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Tube Layout Diagram Preservation

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Post by NashvilleRad on Tue Jan 24, 2012 2:43 pm

As you know, many tube layout diagrams on/inside radio cases - if they're even there - are typically damaged, scuffed, or have aged and are extremely brittle to the touch.

If you want to do any cleaning, painting, or restoration, it's obviously very tough to work around those diagrams without damaging htem further - and you certainly can't take them off in one piece.

I've had the idea to perhaps spray a think coat of clear coat, or lightly coat/prepare the diagram and its edges along the case with as thin a layer of clear PVC I can manage -- then continue on with cleaning/restoration.

Any other methods or ideas?


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Post by willy3486 on Wed Jan 25, 2012 8:53 am

I have never cleaned them up much as far as that goes. But one thing you may want to try is to find some old newspaper that has some age to it. Before you try any method of cleaning try it on the old newspaper first to see if there is any damage. With todays computers and cameras if you do get a good picture of one you can clean it up and reproduce one to look original if you so choose. If you really want it to look old as well a forgers old trick was to forge a document then dip the paper in tea. No green teas but real southern tea,living in Nashville you probably know what that is. Then let it soak enough to stain but not enough to saturate and fall apart. After that let it dry. When it is done it will look like a 50+ year old document.

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Post by NashvilleRad on Wed Jan 25, 2012 9:56 am

will3486 - that's a great idea as far as reproduction - and yes, I know what 'real' tea is - Ha!

btw, I meant clear 'RTV' not PVC. There's one I'm working on thatis so brittle, it's flaking off the cabinet. I figured if I just 'plastered' it on there and worked around it, it would be better than losing the original.

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Post by Motorola man on Wed Jan 25, 2012 4:51 pm

I tape a thin piece of plastic over the labels and work around them. Make sure that you don't stick any tape to the label or you can kiss it goodbye. The plastic will help keep them from being damaged while you're working. When you're done, just pull the plastic off.
As for a label that is already flaking, a light coat of clear laquer will help keep it from getting worse. I would still cover it up while you're working though.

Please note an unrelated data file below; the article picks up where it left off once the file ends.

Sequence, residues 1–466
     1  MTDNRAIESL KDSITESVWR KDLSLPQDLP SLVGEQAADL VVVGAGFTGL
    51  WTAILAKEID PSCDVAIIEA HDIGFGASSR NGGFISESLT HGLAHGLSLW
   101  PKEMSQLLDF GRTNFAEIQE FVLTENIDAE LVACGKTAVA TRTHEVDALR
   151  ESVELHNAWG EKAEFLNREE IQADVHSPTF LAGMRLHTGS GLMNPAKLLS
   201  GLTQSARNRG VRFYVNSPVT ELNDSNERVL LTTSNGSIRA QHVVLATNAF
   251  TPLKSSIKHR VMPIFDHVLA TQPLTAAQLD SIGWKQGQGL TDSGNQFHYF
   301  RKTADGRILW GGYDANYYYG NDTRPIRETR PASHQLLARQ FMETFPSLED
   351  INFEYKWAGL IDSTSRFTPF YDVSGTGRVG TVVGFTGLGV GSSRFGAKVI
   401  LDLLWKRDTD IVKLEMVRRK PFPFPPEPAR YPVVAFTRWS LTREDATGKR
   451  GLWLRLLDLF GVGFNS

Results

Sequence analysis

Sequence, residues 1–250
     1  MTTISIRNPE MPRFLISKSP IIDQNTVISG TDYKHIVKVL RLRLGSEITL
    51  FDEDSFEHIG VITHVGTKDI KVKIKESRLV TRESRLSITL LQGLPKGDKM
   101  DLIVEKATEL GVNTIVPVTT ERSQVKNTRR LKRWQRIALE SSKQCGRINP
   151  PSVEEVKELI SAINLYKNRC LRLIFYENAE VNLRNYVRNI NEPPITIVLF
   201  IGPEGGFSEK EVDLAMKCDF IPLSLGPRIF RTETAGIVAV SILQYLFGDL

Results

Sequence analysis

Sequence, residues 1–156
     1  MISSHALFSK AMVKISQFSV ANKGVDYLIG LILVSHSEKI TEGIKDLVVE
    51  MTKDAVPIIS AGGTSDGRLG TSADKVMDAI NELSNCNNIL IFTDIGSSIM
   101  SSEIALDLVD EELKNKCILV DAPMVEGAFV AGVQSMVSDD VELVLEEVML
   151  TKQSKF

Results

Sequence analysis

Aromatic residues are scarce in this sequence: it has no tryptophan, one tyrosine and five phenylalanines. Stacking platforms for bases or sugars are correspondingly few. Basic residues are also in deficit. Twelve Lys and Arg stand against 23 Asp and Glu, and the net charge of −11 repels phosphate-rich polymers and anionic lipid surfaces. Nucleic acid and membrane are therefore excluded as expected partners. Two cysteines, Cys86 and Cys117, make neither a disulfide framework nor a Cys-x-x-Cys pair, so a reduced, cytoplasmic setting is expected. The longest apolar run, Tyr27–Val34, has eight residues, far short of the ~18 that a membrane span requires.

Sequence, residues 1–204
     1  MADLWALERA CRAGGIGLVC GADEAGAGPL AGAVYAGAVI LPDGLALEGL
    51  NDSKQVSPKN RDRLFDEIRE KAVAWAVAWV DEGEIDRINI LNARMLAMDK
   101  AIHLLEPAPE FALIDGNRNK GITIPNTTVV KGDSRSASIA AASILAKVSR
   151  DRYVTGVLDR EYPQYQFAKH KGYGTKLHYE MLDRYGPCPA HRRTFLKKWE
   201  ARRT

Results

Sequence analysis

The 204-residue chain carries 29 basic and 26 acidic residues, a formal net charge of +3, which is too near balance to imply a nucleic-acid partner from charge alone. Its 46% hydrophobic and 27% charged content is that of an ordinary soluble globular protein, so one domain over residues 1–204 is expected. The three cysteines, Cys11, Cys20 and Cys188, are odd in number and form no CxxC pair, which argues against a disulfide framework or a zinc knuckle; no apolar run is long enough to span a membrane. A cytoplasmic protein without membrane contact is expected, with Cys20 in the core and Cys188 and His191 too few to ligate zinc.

BTW if you ask for green tea down here in the south, you're going to get some mighty funny looks and unless you specify otherwise, it's going to have enough sugar in it to put the average person into a diabetic coma. affraid
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Post by Brig on Wed Nov 21, 2012 6:49 pm

"BTW if you ask for green tea down here in the south, you're going to get some mighty funny looks and unless you specify otherwise, it's going to have enough sugar in it to put the average person into a diabetic coma."

Your comment reminds me of when my wife and I first moved to the Boston area in 1963. In a restaurant if, in response to the waitress's or waiter's question re your ordering coffee, "Regular?" you said yes thinking you'd get it black--that is, "regular" meaning ordinary, nothing added-etc.--you were in for a big disappointment: it was served you with loads of cream and sugar. . . !


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Post by Dave Allen on Sat Mar 02, 2013 11:29 am

NashvilleRad wrote:As you know, many tube layout diagrams on/inside radio cases - if they're even there - are typically damaged, scuffed, or have aged and are extremely brittle to the touch.

Your idea of clear coat should be very durable IF you can get the label saturated and willing to lie flat before it dries. I've had good look with thinning Elmers Glue at least 50/50 with water and painting it on with a small brush. The label gets wet, flattens out, and the glue dries clear.

edit: A few days ago I used 50-50 Liquid Stitch/water to reinforce a speaker cone and I tried painting it on a label. It works well but takes a while to not feel tacky.

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